Bad news spreads like wild fire, even when it is a lie. It is truly saddening to see how the media latches onto false information with no evidence. It should be the duty of the media to report truthful information, especially seeing as a bulk of the public takes that information to heart as they were not taught to question the authority of the news. I remember a story of a girl that lost the ability to walk correctly after she received a flu shot. It is that kind of correlational nonsense that sets people off.

    • tinafriar

      I get the “why’s” of this, and you explain them well. There’s a lot of money to be made in medicine and unfortunately the medical industry is notorious at putting profits over people. it just saddens me profoundly that small children who have no voice of their own are being put in harms way when they have no means whatsoever to defend themselves against this dangerous idiocy.

    • fghani

      I did not realize Bill Maher was a proponent for the anti-vaccine movement. I agree that if anti-vaccination is allowed to continue, the outcome could be dangerous.

    • dandymandyl

      I do believe that maybe not all vaccinations are needed, but I also believe that some are completely necessary and should be given to people. I do not believe that this situation needs to be one extreme or the other. I really think it comes down to people taking the time to research what they are getting and not just accepting information that is given to them as fact.

    • Jim ▐

      A major problem is that quack websites are full of vaccine horror stories. Whether they are true or not is immaterial. Many people trust other people more than they do government reassurance that adverse reactions to vaccines are rare. Spend some time on Mercola.com and you’ll see what I mean. I think what is needed is a site with the theme, “I vaccinated my kids and myself and I’m fine”.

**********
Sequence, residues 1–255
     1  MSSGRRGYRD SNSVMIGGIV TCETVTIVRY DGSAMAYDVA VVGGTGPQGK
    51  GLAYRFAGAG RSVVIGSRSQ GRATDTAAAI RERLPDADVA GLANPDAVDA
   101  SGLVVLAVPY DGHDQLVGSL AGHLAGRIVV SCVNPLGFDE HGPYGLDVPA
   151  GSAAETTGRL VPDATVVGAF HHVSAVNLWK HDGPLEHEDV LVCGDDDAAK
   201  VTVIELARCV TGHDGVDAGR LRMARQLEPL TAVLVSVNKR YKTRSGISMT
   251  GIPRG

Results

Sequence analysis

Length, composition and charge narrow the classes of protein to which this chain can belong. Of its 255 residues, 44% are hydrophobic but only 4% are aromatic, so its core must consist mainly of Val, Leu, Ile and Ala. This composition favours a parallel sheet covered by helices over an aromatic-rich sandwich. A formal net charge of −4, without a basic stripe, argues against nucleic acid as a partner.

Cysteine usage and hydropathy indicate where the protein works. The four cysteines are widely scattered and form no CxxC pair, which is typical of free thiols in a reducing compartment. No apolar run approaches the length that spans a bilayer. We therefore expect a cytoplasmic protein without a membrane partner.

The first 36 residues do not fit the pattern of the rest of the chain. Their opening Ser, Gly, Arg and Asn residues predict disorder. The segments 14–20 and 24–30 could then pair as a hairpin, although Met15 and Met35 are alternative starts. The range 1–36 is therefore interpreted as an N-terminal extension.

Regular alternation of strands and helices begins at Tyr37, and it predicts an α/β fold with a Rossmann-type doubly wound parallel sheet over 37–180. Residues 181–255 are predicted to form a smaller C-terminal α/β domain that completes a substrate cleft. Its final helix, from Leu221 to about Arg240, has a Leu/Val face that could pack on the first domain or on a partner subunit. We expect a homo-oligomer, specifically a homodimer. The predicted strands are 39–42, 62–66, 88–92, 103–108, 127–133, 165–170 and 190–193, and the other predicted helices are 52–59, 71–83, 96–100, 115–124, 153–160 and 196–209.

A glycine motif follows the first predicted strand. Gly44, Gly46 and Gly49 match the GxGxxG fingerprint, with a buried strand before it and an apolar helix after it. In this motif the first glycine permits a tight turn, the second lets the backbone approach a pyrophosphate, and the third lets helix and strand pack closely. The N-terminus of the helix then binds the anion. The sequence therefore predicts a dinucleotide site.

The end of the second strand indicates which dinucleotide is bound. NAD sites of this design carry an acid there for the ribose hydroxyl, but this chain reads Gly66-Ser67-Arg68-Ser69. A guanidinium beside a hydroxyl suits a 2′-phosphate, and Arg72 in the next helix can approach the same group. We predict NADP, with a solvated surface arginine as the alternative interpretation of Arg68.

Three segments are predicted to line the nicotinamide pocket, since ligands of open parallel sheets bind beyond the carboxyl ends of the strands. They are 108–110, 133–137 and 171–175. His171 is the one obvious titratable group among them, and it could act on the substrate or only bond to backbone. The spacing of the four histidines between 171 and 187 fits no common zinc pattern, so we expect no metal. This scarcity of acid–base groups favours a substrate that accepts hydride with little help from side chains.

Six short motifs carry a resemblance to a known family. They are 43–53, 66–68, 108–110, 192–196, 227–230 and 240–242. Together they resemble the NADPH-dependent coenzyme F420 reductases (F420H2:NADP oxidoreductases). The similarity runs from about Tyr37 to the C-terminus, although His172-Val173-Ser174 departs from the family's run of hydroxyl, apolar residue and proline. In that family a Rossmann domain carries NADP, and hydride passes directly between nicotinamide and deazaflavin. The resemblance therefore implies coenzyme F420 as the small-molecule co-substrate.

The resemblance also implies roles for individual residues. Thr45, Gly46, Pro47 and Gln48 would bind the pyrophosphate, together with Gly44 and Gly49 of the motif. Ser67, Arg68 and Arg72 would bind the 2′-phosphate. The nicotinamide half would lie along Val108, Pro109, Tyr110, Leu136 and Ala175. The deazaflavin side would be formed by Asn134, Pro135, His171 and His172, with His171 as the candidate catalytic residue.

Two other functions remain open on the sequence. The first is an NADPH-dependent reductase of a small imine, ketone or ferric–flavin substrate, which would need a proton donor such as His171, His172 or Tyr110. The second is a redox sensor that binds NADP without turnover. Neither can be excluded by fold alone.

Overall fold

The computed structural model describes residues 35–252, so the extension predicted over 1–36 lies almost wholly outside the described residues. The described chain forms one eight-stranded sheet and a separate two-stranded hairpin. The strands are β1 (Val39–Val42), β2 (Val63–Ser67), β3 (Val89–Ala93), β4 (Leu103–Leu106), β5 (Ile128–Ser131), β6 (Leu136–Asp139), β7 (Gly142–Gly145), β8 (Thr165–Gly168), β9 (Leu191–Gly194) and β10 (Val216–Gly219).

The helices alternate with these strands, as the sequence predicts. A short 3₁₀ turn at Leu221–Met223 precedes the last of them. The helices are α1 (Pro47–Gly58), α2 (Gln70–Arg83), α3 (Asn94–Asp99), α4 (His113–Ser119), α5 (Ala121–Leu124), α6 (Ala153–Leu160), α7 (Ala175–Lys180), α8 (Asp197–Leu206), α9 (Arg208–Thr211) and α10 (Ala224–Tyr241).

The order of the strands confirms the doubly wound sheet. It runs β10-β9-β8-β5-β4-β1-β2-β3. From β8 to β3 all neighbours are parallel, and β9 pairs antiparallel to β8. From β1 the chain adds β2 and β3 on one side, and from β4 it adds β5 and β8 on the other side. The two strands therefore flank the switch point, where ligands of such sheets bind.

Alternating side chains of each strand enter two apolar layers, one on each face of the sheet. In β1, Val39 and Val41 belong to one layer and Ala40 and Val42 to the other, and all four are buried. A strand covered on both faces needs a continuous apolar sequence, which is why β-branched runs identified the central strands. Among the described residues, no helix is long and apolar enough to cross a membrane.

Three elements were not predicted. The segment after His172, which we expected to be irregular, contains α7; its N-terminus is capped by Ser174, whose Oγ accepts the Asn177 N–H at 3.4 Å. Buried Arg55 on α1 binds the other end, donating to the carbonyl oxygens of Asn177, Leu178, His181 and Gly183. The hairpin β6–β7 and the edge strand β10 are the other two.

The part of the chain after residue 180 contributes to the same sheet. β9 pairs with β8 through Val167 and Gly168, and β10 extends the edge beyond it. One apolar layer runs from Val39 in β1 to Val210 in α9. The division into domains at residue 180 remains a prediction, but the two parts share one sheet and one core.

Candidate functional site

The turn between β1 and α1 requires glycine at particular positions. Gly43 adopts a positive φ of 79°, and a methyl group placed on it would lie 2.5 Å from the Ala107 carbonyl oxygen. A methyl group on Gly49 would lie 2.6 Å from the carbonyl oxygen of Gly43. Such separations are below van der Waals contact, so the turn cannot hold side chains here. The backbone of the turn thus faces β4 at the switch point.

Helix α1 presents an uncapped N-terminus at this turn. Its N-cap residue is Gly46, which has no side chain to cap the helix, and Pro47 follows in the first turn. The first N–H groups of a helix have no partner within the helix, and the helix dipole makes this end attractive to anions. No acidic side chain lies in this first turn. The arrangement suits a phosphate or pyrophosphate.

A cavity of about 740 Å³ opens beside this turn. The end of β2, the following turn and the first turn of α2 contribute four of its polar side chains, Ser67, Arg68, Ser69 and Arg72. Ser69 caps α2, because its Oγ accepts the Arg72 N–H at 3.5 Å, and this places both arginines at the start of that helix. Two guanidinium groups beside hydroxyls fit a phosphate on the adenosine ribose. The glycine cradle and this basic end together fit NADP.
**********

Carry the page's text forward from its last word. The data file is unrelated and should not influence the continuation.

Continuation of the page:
• It’s very true that anecdotes are better than data to most people, which is heartbreaking to most skeptics and scientists. I love the idea of a “We vaxxed, it’s fine” campaign – who’s going to start it? 🙂

        • Jim ▐

          I just posted on http://answers.yahoo.com/question/index?qid=20140120151141AAeh5Zz under the name “outonalimb”. There are also discussions on amazon.com (hard to find) and wikipedia, and of course there is twitter, facebook, youtube… Anyone have any other ideas of how and where to start such a discussion?

          I will say that I am afraid that my question will receive more horror stories..Many are quick to blame illness on vaccine, though it is very likely coincidental, and many are quick to just blurt out that ‘vaccines killed my best friend’ whether true or not..

          • Great job on the Yahoo post, Jim 🙂

            Personal stories like this are great for helping the non-science folks understand the safety.